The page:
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OIP Techs., Inc. v. Amazon.com, Inc.

United States Court of Appeals, Federal Circuit

June 11, 2015

OIP TECHNOLOGIES, INC., Plaintiff-Appellant
v.
AMAZON.COM, INC., Defendant-Appellee

Appeal from the United States District Court for the Northern District of California in No. 12-CV-1233, Judge Edward M. Chen.

AFFIRMED.

MATTHEW D. POWERS, Tensegrity Law Group, LLP, Redwood City, CA, argued for plaintiff-appellant. Also represented by STEVEN CHERENSKY, PAUL EHRLICH, STEFANI SMITH, AARON MATTHEW NATHAN.

GREGORY G. GARRE, Latham & Watkins LLP, Washington, DC, argued for defendant-appellee. Also represented by GABRIEL BELL, MATTHEW J. MOORE; RICHARD GREGORY FRENKEL, Menlo Park, CA; JEFFREY H. DEAN, Amazon.com., Inc., Seattle, WA.

Before TARANTO, MAYER, and HUGHES, Circuit Judges. OPINION filed by Circuit Judge HUGHES. Concurring opinion filed by Circuit Judge MAYER.

OPINION

Page 1360

Hughes, Circuit Judge.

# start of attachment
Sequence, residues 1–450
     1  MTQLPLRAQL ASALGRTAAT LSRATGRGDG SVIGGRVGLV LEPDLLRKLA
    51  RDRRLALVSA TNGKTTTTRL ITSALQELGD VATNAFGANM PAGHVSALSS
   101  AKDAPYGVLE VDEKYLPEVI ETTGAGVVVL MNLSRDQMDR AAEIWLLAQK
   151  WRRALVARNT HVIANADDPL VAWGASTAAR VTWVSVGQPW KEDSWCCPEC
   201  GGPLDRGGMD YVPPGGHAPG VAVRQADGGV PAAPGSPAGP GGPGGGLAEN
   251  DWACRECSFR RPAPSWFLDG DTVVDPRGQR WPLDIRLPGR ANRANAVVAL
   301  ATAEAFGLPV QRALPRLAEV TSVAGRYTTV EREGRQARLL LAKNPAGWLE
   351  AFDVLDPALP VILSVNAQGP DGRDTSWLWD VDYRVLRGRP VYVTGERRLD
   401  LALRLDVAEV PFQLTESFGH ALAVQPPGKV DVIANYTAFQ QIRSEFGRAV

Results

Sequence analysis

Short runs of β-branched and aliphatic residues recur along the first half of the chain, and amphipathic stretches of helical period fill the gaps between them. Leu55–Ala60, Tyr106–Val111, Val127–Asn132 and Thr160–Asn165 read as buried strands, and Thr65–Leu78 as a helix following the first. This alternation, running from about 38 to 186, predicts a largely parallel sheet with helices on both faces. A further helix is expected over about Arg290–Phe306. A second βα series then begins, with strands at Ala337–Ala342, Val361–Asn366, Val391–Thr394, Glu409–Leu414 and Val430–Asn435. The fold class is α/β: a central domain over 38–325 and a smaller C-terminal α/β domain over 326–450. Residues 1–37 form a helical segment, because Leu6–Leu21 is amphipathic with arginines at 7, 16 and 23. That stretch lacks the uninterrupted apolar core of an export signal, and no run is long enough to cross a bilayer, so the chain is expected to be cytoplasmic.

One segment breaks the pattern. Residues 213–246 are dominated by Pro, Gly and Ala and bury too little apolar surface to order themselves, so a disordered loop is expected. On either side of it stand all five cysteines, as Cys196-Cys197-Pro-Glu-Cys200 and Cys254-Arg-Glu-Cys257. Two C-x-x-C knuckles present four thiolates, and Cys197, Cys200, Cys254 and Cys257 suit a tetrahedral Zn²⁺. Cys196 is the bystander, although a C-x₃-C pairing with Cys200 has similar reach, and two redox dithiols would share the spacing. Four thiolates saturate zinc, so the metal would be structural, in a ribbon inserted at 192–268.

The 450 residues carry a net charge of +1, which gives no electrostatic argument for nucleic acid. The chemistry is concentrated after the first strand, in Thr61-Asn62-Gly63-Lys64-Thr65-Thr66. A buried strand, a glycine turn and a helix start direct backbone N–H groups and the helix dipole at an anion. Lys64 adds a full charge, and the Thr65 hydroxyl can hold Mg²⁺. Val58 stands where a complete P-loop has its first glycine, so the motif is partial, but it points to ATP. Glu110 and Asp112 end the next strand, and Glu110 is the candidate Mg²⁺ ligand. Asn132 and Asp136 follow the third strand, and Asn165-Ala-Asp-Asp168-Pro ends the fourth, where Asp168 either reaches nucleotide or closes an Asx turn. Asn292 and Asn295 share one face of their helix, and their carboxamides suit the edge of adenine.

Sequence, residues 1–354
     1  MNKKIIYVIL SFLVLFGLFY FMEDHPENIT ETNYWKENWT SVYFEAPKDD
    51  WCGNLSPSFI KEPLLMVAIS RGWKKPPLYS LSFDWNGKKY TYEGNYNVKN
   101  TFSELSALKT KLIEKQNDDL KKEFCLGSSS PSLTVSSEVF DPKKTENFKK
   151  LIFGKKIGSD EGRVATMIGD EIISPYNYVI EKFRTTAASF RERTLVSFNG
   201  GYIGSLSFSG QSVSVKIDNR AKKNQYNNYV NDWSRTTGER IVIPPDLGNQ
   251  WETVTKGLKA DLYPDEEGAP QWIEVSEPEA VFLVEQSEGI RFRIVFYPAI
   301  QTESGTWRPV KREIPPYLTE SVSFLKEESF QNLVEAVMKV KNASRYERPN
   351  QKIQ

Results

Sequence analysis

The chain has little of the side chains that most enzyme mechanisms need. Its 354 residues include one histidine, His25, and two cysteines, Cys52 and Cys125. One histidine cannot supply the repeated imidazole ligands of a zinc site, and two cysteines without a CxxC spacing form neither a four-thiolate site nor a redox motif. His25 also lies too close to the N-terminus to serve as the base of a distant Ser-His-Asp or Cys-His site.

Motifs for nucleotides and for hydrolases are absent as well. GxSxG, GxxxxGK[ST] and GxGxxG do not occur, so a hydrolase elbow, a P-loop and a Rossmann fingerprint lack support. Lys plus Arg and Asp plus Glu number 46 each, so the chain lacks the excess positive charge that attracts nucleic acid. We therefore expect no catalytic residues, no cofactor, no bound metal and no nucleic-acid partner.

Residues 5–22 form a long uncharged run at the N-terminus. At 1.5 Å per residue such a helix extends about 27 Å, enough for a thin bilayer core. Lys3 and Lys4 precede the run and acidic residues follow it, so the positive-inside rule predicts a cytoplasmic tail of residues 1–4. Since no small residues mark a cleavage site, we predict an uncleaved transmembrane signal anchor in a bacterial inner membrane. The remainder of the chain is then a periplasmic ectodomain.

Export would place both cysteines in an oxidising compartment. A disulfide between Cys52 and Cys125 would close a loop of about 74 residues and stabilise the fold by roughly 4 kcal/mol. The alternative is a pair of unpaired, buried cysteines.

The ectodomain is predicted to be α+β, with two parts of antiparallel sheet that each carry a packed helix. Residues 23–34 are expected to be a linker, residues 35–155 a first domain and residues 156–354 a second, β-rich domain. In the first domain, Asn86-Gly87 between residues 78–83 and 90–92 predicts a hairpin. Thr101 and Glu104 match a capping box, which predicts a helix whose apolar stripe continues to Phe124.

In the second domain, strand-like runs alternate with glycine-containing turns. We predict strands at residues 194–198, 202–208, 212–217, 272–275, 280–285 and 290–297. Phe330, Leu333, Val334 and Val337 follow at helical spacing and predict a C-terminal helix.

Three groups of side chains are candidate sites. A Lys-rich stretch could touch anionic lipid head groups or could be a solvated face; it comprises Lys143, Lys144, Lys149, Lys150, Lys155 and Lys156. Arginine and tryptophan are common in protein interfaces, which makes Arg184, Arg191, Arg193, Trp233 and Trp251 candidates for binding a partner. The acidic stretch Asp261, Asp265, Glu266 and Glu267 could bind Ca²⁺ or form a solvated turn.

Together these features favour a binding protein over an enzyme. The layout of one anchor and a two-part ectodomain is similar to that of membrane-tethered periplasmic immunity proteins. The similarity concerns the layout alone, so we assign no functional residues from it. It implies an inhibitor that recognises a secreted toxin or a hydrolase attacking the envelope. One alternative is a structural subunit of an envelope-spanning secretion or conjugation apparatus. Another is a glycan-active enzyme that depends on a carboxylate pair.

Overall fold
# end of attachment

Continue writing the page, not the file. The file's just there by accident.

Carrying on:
OIP Technologies alleges that Amazon.com infringes a patent that relates to a method of price optimization in an e-commerce environment. The district court granted judgment on the pleadings, concluding that the patent does not claim patentable subject matter under 35 U.S.C. § 101. Because we agree with the district court that the patent-in-suit claims no more than an abstract idea coupled with routine data-gathering steps and conventional computer activity, we affirm.

I

In March 2012, OIP Technologies filed suit against Amazon.com alleging infringement of U.S. Patent No. 7,970,713, which claims computer-implemented methods for " pricing a product for sale." See, e.g., '713 patent col. 16 ll. 2-39 (claim 1). The '713 patent explains that traditionally merchandisers

Page 1361

manually determine prices based on their qualitative knowledge of the items, pricing experience, and other business policies. In setting the price of a particular good, the merchandiser estimates the shape of a demand curve for a particular product based on, for example, the good itself, the brand strength, market conditions, seasons, and past sales. Id. at col. 1 ll. 62 - col. 2 l. 2; col. 2 ll. 62-66. The '713 patent states that a problem with this approach is that the merchandiser is slow to react to changing market conditions, resulting in an imperfect pricing model where the merchandiser often is not charging an optimal price that maximizes profit. Id. at col. 2 ll. 13-19.

Accordingly, the '713 patent teaches a price-optimization method that " help[s] vendors automatically reach better pricing decisions through automatic estimation and measurement of actual demand to select ...


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